Jazz Fest group brings revival of genre to Evergreen

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By Sterling Nelson
For the Courier
Patrons of the Evergreen Jazz Festival will have the opportunity to experience “the San Francisco style” of traditional jazz when the Yerba Buena Stompers set foot on stage at the Elks Ballroom at 4:15 p.m. July 29 with their “Dixieland Jazz” theme set.
The Stompers will play three other theme sets, including “King Oliver” and “Jelly Roll Morton” (my hero), as well as four other “un-themed” sets on that Friday and during the next two days.
The Stompers are handpicked from across the continent to meet the requirements of the ensemble style from the ‘20s and then the revival of the style in the ‘40s by the Jerba Buena Jazz Band.
Some of the band members have been to Evergreen before: Leon Oakley (in 2001 with Golden Gate Rhythm Machine), Orange Kellin (in 2005 with Terry Waldo) and Clint Baker (various instruments and years). Other members include John Gill on banjo, Duke Heitger on trumpet, Conal Fowkes on piano, Tom Bartlett on trombone, Baker on tuba and Kevin Dorn on drums. Gill and Fowkes also are members of the Woody Allen Jazz Band.
The predecessor of the Stompers was the Yerba Buena Jazz Band of the 1940s and ‘50s. The following quote is from an LP in the 1942 series on the Good Time Jazz label: “Lu Watters is undoubtedly one of the key figures in the world-wide jazz revival, which began in the early Forties. As leader, cornetist, composer, and moving force of the great YBJB, he played a major role in influencing the development of the revival and the creation of what was to be known as ‘the San Francisco style.’ ”
In 1940, when the YBJB first opened at the Dawn Club on Annie Street in San Francisco, the great folk tradition of American jazz was all but dead. Paradoxically, Americans found music that was as native as the Mississippi River to be totally unfamiliar. King Oliver, with many another pioneer, was dead. Jelly Roll Morton was living in his memories, which he was then transcribing for the Library of Congress as a record of a music of the past. Louis Armstrong and other surviving originators were playing with big swing groups, completely removed from the classic jazz tradition.
It was against this background that Lu Watters returned to the principle of ensemble jazz, abandoning both extremes of arranged swing and disorganized “every man for himself” jam sessions. Ensemble jazz is the practice of the full band, usually seven or eight pieces, playing improvisationally and producing polyphony and counterpoint, sometimes in successive choruses.
The instrumentation of the YBJB was based on that of the Oliver Band, and the repertoire of the YBJB was in the main from the recordings of Oliver, the New Orleans Rhythm Kings, Morton’s Red Hot Peppers, and Armstrong’s small groups of the mid-‘20s.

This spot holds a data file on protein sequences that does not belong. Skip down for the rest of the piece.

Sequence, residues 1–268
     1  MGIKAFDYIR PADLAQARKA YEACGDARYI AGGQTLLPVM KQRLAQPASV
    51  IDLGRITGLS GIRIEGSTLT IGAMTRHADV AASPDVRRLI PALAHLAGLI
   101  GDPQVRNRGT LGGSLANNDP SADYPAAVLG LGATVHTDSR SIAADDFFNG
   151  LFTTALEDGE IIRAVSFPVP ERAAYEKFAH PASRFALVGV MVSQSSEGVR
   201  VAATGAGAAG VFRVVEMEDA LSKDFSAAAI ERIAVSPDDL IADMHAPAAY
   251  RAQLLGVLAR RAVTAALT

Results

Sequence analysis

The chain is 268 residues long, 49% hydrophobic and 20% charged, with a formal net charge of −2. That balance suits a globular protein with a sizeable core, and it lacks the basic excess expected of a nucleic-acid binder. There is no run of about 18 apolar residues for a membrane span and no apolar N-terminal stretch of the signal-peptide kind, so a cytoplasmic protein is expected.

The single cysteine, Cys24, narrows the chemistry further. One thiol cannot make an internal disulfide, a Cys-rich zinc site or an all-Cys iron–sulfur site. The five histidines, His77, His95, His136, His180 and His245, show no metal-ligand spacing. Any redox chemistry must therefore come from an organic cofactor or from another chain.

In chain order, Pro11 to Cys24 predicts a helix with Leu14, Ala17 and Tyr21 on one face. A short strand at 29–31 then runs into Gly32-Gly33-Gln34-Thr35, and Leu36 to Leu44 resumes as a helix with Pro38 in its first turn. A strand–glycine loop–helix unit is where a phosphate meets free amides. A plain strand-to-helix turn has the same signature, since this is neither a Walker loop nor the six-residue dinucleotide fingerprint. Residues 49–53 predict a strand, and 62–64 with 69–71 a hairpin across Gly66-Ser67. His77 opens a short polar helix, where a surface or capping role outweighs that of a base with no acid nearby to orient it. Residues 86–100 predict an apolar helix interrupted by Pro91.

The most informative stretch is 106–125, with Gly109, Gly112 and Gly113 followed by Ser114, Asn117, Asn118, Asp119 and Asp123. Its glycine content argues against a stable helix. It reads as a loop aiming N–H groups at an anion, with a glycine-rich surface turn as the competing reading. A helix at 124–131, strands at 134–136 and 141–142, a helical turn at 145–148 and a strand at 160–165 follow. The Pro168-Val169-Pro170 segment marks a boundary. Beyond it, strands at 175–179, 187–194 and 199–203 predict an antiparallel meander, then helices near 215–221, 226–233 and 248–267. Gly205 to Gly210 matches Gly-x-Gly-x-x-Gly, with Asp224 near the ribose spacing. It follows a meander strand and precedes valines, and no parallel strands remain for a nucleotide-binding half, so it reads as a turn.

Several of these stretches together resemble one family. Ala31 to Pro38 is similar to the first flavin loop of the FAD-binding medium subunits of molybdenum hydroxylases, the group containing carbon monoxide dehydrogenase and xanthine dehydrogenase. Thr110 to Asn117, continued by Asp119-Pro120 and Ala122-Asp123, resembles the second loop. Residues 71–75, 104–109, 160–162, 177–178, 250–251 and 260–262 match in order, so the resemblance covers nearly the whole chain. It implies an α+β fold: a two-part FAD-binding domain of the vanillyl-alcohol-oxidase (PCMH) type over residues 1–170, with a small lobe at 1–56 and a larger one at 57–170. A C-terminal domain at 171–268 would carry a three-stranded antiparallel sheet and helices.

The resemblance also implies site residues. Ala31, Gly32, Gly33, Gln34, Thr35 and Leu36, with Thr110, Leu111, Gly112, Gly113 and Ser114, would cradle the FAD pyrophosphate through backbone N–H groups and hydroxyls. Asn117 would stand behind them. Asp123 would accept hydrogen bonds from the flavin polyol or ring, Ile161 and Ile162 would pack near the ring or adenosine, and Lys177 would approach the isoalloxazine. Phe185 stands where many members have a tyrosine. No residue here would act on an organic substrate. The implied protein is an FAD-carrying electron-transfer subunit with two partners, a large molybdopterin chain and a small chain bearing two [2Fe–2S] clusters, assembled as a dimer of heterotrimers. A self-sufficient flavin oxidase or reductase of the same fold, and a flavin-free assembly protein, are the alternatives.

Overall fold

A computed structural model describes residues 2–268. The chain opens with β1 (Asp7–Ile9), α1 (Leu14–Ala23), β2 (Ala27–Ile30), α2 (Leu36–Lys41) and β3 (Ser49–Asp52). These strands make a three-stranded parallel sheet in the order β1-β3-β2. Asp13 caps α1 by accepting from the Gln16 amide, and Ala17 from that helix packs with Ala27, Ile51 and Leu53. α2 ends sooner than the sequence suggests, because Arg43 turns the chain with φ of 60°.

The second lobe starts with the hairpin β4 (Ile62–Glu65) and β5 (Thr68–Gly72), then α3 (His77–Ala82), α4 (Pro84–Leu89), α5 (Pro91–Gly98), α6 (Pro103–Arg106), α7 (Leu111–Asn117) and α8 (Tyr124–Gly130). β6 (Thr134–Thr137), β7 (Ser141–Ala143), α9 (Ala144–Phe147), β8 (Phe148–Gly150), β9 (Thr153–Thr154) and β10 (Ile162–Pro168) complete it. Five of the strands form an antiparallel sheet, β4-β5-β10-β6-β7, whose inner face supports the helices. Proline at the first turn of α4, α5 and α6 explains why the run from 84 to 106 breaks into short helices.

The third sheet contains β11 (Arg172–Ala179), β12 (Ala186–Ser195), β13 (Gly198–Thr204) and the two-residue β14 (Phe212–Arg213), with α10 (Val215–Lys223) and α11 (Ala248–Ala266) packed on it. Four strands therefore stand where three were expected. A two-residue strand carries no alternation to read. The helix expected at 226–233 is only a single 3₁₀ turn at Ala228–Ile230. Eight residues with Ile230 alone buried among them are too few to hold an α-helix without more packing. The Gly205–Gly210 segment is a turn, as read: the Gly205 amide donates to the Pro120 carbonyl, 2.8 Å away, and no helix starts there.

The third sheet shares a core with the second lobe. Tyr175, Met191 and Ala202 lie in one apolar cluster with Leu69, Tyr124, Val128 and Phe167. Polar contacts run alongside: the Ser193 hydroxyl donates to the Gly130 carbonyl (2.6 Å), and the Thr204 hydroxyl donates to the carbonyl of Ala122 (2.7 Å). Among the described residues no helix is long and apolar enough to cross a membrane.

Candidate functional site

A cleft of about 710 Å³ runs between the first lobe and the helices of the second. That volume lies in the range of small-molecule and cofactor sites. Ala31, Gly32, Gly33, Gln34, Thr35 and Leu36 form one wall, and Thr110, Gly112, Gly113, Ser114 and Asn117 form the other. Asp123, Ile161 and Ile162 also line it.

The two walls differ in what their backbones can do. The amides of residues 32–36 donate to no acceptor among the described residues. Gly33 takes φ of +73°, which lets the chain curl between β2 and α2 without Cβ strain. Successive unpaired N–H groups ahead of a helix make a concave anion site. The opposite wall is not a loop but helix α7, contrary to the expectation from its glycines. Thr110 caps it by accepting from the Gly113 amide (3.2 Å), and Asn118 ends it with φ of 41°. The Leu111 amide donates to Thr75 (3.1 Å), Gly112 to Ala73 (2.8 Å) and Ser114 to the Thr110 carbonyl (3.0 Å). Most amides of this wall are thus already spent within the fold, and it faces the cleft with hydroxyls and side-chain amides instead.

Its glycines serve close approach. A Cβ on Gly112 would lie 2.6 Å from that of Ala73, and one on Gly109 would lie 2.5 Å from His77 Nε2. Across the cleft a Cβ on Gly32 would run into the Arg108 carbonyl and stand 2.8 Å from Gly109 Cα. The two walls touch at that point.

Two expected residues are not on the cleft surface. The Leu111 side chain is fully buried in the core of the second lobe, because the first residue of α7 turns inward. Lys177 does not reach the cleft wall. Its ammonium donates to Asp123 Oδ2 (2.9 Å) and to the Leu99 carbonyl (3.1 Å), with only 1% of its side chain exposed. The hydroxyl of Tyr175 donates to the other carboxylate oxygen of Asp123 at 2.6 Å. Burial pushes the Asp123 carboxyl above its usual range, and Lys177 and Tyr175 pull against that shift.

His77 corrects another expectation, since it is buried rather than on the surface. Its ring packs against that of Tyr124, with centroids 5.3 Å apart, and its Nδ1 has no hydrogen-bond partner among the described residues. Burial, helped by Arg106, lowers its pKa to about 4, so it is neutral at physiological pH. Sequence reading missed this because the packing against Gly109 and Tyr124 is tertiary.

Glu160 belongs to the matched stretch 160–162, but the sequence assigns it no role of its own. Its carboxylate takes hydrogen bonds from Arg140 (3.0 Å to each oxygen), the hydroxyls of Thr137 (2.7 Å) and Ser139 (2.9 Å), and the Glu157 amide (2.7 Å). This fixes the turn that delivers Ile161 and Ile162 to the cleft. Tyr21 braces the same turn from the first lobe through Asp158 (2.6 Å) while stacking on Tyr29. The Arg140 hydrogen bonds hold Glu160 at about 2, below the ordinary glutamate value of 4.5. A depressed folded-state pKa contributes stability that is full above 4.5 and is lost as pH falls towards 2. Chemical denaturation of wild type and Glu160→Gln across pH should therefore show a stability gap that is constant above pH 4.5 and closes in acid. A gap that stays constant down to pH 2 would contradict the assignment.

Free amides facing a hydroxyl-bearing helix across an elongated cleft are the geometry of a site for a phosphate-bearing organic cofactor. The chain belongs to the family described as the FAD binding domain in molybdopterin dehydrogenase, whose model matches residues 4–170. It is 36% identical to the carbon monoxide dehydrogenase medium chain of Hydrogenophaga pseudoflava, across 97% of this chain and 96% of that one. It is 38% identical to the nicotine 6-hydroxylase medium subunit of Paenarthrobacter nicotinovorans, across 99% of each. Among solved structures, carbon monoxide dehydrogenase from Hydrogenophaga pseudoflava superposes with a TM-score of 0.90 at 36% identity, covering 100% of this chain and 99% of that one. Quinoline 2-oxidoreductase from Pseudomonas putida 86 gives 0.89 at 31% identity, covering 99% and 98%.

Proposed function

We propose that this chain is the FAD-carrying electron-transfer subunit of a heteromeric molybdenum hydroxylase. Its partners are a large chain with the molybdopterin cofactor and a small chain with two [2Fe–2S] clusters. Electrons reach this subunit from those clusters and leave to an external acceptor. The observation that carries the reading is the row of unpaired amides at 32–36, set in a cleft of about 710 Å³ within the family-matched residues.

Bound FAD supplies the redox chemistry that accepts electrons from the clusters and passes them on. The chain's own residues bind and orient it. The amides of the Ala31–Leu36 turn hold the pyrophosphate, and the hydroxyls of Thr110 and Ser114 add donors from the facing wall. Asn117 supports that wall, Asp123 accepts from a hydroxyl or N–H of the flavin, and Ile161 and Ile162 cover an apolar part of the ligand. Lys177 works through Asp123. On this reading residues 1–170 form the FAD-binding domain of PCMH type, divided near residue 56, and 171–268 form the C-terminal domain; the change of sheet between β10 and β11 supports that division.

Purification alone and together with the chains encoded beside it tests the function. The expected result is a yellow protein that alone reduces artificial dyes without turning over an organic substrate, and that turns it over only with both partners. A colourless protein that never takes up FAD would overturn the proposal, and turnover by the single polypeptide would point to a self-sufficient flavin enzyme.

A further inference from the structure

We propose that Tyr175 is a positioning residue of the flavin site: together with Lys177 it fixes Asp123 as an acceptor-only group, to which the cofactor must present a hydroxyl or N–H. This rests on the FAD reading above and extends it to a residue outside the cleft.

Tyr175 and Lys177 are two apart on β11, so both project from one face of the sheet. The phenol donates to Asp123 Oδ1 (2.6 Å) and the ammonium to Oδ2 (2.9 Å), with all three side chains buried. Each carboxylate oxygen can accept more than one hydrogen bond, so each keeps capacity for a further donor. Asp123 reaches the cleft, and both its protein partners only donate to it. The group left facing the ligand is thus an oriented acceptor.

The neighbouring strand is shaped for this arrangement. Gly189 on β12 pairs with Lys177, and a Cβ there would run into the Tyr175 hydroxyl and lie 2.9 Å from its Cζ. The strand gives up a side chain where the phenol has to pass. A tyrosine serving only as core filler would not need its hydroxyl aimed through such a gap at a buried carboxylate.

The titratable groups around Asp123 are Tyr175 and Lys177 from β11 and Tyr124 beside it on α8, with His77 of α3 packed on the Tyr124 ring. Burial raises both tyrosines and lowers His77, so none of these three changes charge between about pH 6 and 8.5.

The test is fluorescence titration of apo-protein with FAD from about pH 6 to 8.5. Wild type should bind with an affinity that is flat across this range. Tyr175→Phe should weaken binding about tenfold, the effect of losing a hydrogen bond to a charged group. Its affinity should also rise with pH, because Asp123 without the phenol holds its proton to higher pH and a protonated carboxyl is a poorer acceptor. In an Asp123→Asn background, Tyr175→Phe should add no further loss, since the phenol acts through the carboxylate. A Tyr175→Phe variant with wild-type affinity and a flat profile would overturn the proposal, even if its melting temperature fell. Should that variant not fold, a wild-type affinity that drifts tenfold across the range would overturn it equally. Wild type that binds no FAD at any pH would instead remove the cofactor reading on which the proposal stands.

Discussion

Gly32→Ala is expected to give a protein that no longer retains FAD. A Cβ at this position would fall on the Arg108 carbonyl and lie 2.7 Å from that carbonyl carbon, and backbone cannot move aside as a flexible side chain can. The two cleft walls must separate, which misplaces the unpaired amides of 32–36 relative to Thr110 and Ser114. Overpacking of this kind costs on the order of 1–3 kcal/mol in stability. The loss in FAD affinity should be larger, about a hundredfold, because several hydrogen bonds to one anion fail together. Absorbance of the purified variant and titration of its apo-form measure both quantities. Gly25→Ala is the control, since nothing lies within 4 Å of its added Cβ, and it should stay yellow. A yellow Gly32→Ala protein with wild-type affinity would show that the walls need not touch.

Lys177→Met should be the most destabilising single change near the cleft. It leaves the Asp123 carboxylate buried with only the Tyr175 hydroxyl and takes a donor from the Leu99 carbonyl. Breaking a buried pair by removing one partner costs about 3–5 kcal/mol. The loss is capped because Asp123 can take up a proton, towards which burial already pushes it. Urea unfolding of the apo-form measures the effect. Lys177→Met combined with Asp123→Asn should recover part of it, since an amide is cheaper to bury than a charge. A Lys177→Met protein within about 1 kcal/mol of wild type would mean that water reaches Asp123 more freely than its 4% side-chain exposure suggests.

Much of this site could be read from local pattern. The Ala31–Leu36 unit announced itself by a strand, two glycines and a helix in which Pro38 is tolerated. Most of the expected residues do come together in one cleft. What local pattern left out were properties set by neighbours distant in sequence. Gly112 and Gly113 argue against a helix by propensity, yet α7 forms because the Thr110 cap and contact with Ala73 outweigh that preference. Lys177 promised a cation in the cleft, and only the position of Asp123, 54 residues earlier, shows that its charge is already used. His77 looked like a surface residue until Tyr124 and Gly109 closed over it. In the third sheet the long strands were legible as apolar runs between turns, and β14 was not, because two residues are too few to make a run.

But Watters was too original a talent to be merely a repetition of what had been done before. In the process of returning to basic principles, the YBJY developed its own highly individual style. Trombonist Turk Murphy left the band in 1949 to form his own band, in which we met Leon Oakley in 1969, his second of several years with Murphy.
When Denver’s Queen City Jazz Band was formed in 1958, the band and their advisers were highly influenced by Watters and the ensemble style.
Jim Cullum, leader of his own band in San Antonio, had this to say about the YBJB on his NPR broadcast series “Riverwalk”: “Like the Oliver band, the basis of the YBJB was ensemble playing. The band itself was a cooperative, but it was Lu’s vision, his strong cornet playing, his composing and his arranging that drove the band sound and created his style. At his side was the exciting trombonist Turk Murphy, and it was Turk Murphy who went on to keep the flame alive after Lu retired from the music business in 1950. I was 20 years old when I first came across Lu Watters’ records on the Jazz Man label and was thrilled by what I heard.”
Turk Murphy died in 1987 and Lu Watters in 1989.
Ensemble playing is still alive, and may it grow stronger. Evergreen fan Bob Meade opines: “In the history of music, original New Orleans Jazz contains the best counterpoint since Johann Sebastian Bach.”  
Don’t miss this band if you can help it. Happily, we are part of the revival that started some 70 years ago.

Sterling Nelson of Evergreen is a founder of the Evergreen Jazz Festival.

More information
• Visit www.evergreenjazz.org for the schedule and venues of this year’s edition of the Evergreen Jazz Festival.
• Visit www.yerbabuenastompers.com for more information on this featured group.